NORWALK, Conn. David McCarthy, secretary of the Zoning Commission and Republican candidate for Common Council in District E, went for a bike ride Thursday, but it wasn't just for recreation. McCarthy was participating in a study to make Norwalk more bicycle friendly. He writes about it below:
The importance of bike and ped planning to create a livable, walkable and bikeable city became very evident to me today. Having previously risked life and limb on an extended walking tour of my part of the city, I know the hazards of side view mirrors and speeders of every sort. Of course, most every town and city on the East Coast started out as walkable ... colonial villages didn't have cars, and horses do tend to walk.
The post-war boom that created suburbia also created the sprawl that gave birth to the automobile-centric society we live in. Anyone who has lived in a center city and relied on mass transit and bikes for a while knows the major difference in lifestyle this creates. Unfortunately, the largest part of our population never thinks about life without a car. I don't know what I would do without my Flex.
To assist in the work being done under the Transportation Management Plan study, I took my new friend Peter Libre and consultant Dan Burden around this side of town by bike. Today was a school holiday, so the traffic wasn't quite as bad as it might have been, but nevertheless, we don't live in what can be considered a bike-friendly city. As I recall, there was significant political resistance to the approval of this study. That was misguided and disappointing.
Now, I don't know how many bike-friendly cities there really are, but Bicycling Magazine does ... their top 50 includes New York and Boston, but not one city or town in Connecticut. So, real urban centers are adding the infrastructure and support, it would seem, while edge cities like Norwalk are only now beginning to recognize the need.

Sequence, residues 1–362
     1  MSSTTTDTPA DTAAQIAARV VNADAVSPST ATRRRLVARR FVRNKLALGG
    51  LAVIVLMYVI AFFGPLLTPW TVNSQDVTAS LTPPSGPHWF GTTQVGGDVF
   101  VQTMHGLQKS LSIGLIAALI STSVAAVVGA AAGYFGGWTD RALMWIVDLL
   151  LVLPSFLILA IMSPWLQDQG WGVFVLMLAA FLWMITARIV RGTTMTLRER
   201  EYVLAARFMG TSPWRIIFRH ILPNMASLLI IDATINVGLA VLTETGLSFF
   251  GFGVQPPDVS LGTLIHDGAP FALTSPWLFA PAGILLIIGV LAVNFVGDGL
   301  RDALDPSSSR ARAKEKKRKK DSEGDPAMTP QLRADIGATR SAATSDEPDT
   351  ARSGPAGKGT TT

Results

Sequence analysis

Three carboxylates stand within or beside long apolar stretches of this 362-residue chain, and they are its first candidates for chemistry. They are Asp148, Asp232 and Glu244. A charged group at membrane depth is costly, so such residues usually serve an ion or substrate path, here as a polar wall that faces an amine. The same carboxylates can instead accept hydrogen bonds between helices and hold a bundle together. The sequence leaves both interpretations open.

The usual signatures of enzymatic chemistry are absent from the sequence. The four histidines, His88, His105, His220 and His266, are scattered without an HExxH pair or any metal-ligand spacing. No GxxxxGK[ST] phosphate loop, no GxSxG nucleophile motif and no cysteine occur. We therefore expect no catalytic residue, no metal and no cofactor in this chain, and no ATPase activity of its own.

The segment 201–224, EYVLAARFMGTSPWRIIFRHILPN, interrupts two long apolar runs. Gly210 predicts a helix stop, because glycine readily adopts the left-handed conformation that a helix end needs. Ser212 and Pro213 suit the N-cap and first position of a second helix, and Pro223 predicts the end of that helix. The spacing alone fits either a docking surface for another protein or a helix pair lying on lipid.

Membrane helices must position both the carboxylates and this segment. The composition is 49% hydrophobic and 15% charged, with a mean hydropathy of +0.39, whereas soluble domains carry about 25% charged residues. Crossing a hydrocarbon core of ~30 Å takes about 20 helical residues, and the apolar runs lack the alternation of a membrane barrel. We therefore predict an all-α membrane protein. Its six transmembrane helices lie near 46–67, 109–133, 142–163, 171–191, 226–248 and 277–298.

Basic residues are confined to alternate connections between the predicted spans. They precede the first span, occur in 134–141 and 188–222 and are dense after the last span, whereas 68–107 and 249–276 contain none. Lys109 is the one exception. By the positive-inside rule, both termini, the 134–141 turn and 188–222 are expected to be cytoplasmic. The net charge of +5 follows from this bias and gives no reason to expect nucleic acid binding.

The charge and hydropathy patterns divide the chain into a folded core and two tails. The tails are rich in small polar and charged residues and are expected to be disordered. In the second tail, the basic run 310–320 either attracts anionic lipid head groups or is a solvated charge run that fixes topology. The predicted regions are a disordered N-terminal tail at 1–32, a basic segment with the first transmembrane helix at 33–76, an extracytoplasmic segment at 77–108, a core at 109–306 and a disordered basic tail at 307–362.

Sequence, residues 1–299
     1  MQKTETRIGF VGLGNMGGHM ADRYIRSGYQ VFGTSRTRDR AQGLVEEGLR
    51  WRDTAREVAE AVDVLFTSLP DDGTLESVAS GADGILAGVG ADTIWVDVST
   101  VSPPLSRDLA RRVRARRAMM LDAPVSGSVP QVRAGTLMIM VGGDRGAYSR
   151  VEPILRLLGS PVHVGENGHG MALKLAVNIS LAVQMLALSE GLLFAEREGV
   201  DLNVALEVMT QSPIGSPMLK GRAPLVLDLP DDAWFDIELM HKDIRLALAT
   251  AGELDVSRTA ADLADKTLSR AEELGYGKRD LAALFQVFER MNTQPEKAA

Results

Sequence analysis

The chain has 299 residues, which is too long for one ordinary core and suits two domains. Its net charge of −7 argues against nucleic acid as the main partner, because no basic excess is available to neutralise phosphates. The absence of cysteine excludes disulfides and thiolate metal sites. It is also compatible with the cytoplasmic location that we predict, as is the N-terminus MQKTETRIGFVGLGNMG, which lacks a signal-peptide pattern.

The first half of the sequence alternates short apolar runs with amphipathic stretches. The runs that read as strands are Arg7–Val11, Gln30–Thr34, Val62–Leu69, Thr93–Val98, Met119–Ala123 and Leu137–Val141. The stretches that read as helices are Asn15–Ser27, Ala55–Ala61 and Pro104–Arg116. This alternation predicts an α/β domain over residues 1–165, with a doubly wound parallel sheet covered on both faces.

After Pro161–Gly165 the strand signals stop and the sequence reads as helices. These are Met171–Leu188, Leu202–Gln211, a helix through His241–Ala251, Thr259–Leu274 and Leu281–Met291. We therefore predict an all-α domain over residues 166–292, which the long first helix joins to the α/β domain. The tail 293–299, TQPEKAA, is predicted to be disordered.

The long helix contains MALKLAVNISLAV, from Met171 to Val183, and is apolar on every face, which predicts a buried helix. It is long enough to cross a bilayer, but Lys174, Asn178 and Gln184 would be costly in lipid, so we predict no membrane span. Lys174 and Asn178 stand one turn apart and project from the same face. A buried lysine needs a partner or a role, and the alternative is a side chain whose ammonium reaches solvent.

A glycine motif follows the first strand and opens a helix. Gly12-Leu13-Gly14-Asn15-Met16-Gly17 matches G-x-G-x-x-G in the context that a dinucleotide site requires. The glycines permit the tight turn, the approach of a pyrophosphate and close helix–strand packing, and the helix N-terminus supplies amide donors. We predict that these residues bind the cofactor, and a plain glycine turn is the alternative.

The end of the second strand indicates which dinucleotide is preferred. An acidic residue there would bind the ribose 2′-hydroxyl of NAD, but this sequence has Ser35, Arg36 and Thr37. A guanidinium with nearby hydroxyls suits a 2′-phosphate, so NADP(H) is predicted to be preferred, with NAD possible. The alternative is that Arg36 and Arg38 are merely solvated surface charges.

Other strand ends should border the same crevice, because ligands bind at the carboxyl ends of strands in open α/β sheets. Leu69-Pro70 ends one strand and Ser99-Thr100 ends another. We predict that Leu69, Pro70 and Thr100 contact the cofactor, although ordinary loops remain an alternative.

We are recognizing the need and the simplicity of making changes. By working together to add simple and cost-neutral touches to our roadways, we can make a difference for pedestrians and bicyclists alike. Eliminating center stripes, adding sharrows or large striped bike lanes accomplishes the goals of creating a safe-biking environment while having an impact on the flow of traffic as well. Creating a little lack of confidence in the roadway might seem counter-intuitive, but it actually slows traffic and allows better use of the roadway by walkers and bikers.
The more we create a user-friendly environment for this subset of our citizens, the more that can join their ranks. I have advocated for Transit Oriented Development and that goes hand in hand with access to mass transportation. The more we can create linkages that don't involve motor vehicles and the more we ingrain our young people in avoiding using cars, the more we can create a lasting culture shift.
So, what are the benefits? To me, a man who enjoys his bacon, there is a decidedly beneficial boost to my health. That is true across the board and will tend to affect society as a whole through a reduction in long-term health-care costs. I see this as similar to anti-smoking acts. Enabling a physical activity might just allow a few citizens to help themselves to be healthier. The other effects aren't too shabby, either: the lack of congestion, the lack of air pollution, the end of dependence on foreign oil.
Ok, so I took a bike ride and solved the energy crisis. No, not really. I will still get in my car tomorrow and so will you, most likely. The difference won't be made tomorrow or next week but in the next few decades as our children's children begin to take over. In the same manner as the proclivity to smoke or other archaic habits have faded, so might the over-reliance on inefficient, uneconomical modes of transport.
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